New jekyll site installed in /srv/jekyll.
Step 4: Access Development Website and VSCode Editor
Now you have a starter blog website. Next, you will start up a development web server and the VSCode editor where you can author and publish new blog content. Never fear…it is a one-liner:
Again, after some more waiting, you should see:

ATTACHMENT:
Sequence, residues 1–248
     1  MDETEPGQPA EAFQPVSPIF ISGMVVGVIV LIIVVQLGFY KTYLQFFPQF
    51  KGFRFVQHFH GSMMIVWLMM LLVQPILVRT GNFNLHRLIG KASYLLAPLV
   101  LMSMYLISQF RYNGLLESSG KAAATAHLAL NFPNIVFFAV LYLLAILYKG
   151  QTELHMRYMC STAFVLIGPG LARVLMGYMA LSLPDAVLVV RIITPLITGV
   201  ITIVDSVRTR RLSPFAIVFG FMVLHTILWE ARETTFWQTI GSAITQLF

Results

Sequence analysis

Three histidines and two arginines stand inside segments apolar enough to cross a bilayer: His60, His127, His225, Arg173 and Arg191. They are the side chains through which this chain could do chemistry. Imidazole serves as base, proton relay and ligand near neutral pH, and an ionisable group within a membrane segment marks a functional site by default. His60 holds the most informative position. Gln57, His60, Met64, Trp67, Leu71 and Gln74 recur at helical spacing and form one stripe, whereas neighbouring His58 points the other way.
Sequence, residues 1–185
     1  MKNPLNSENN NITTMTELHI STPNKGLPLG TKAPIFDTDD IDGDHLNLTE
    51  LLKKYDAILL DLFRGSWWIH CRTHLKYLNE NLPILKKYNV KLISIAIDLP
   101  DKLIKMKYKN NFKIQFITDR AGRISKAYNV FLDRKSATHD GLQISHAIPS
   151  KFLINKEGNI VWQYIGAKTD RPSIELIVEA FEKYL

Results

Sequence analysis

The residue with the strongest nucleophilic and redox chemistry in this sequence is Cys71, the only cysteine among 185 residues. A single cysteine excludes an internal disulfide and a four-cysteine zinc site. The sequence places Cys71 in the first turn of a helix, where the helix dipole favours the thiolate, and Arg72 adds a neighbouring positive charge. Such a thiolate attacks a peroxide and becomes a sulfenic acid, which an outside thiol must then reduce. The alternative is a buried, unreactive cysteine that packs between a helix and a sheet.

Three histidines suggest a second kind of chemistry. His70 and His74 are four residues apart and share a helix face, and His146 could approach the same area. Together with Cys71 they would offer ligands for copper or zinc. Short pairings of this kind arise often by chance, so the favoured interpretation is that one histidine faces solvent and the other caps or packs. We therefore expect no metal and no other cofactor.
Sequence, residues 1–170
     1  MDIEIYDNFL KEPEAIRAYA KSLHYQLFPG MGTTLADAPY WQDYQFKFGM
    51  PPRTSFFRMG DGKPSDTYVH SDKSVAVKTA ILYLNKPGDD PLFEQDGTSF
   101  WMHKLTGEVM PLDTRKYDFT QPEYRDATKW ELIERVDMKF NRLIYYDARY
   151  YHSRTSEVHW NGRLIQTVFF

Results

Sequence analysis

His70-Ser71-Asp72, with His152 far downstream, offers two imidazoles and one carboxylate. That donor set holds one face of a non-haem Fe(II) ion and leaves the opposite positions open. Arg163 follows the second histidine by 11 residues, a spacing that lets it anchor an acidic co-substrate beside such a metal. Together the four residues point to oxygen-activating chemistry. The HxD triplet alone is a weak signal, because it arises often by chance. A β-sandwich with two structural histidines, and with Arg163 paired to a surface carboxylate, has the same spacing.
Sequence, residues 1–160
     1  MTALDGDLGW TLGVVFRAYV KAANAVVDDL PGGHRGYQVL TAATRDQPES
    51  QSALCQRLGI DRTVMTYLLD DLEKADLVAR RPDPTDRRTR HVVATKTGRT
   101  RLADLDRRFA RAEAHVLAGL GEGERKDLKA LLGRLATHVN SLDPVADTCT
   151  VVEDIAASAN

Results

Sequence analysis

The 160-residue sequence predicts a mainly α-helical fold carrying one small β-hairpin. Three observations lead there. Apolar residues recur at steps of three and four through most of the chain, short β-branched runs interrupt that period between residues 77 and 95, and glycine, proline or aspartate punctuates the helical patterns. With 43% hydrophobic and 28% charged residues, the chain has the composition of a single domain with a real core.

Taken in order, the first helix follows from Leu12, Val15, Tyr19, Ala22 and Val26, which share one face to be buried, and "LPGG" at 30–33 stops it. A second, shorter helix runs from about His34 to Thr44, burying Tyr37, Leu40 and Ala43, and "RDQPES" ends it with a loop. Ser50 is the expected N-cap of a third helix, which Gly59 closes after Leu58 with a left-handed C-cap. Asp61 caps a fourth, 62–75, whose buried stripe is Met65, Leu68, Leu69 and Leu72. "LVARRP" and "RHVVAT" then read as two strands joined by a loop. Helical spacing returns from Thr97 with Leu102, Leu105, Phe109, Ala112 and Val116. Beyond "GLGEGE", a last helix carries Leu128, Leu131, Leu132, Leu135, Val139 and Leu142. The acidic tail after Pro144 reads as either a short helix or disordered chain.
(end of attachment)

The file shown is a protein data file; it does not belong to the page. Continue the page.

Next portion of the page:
vscode_1 | info Server listening on http://0.0.0.0:8080 vscode_1 | info - No authentication jekyll_1 | ruby 2.6.5p114 (2019-10-01 revision 67812) [x86_64-linux-musl] jekyll_1 | Logging at level: debug jekyll_1 | Jekyll Version: 4.0.0 jekyll_1 | Configuration file: /srv/jekyll/_config.yml jekyll_1 | Logging at level: debug jekyll_1 | Jekyll Version: 4.0.0 jekyll_1 | Theme: minima jekyll_1 | Theme source: /usr/local/bundle/gems/minima-2.5.1 jekyll_1 | Requiring: jekyll-feed jekyll_1 | Requiring: jekyll-seo-tag jekyll_1 | Requiring: jekyll-feed jekyll_1 | Source: /srv/jekyll jekyll_1 | Destination: /srv/jekyll/_site jekyll_1 | Incremental build: disabled. Enable with --incremental jekyll_1 | Generating... jekyll_1 | EntryFilter: excluded /Gemfile jekyll_1 | EntryFilter: excluded /Gemfile.lock jekyll_1 | Reading: _posts/2020-03-31-welcome-to-jekyll.markdown jekyll_1 | Jekyll Feed: Generating feed for posts jekyll_1 | Generating: JekyllFeed::Generator finished in 0.002465814 seconds. jekyll_1 | Rendering: _posts/2020-03-31-welcome-to-jekyll.markdown jekyll_1 | Pre-Render Hooks: _posts/2020-03-31-welcome-to-jekyll.markdown jekyll_1 | Rendering Liquid: _posts/2020-03-31-welcome-to-jekyll.markdown jekyll_1 | Rendering Markup: _posts/2020-03-31-welcome-to-jekyll.markdown jekyll_1 | Rendering Layout: _posts/2020-03-31-welcome-to-jekyll.markdown jekyll_1 | Layout source: theme jekyll_1 | Rendering: _posts/2020-03-31-welcome-to-jekyll.markdown/#excerpt jekyll_1 | Pre-Render Hooks: _posts/2020-03-31-welcome-to-jekyll.markdown/#excerpt jekyll_1 | Rendering Markup: _posts/2020-03-31-welcome-to-jekyll.markdown/#excerpt jekyll_1 | Rendering: 404.html jekyll_1 | Pre-Render Hooks: 404.html jekyll_1 | Rendering Markup: 404.html jekyll_1 | Rendering Layout: 404.html jekyll_1 | Layout source: theme jekyll_1 | Rendering: about.markdown jekyll_1 | Pre-Render Hooks: about.markdown jekyll_1 | Rendering Markup: about.markdown jekyll_1 | Rendering Layout: about.markdown jekyll_1 | Layout source: theme jekyll_1 | Rendering: index.markdown jekyll_1 | Pre-Render Hooks: index.markdown jekyll_1 | Rendering Markup: index.markdown jekyll_1 | Rendering Layout: index.markdown jekyll_1 | Layout source: theme jekyll_1 | Rendering: assets/main.scss jekyll_1 | Pre-Render Hooks: assets/main.scss jekyll_1 | Rendering Markup: assets/main.scss jekyll_1 | Rendering: feed.xml jekyll_1 | Pre-Render Hooks: feed.xml jekyll_1 | Rendering Liquid: feed.xml jekyll_1 | Rendering Markup: feed.xml jekyll_1 | Rendering Layout: feed.xml jekyll_1 | Rendering: assets/main.css.map jekyll_1 | Pre-Render Hooks: assets/main.css.map jekyll_1 | Rendering Markup: assets/main.css.map jekyll_1 | Writing: /srv/jekyll/_site/404.html jekyll_1 | Writing: /srv/jekyll/_site/about/index.html jekyll_1 | Writing: /srv/jekyll/_site/index.html jekyll_1 | Writing: /srv/jekyll/_site/assets/main.css jekyll_1 | Writing: /srv/jekyll/_site/feed.xml jekyll_1 | Writing: /srv/jekyll/_site/assets/main.css.map jekyll_1 | Writing: /srv/jekyll/_site/jekyll/update/2020/03/31/welcome-to-jekyll.html jekyll_1 | done in 1.002 seconds. jekyll_1 | Requiring: jekyll-watch jekyll_1 | Watcher: Ignoring (?-mix:^_config\.yml) jekyll_1 | Watcher: Ignoring (?-mix:^_site\/) jekyll_1 | Watcher: Ignoring (?-mix:^\.jekyll\-cache\/) jekyll_1 | Watcher: Ignoring (?-mix:^Gemfile) jekyll_1 | Watcher: Ignoring (?-mix:^Gemfile\.lock) jekyll_1 | Auto-regeneration: enabled for '/srv/jekyll' jekyll_1 | [2020-03-31 19:45:03] INFO WEBrick 1.4.2 jekyll_1 | [2020-03-31 19:45:03] INFO ruby 2.6.5 (2019-10-01) [x86_64-linux-musl] jekyll_1 | [2020-03-31 19:45:03] DEBUG WEBrick::HTTPServlet::FileHandler is mounted on /. jekyll_1 | [2020-03-31 19:45:03] DEBUG unmount . jekyll_1 | [2020-03-31 19:45:03] DEBUG Jekyll::Commands::Serve::Servlet is mounted on . jekyll_1 | Server address: http://0.0.0.0:4000/ jekyll_1 | [2020-03-31 19:45:03] INFO WEBrick::HTTPServer#start: pid=1 port=4000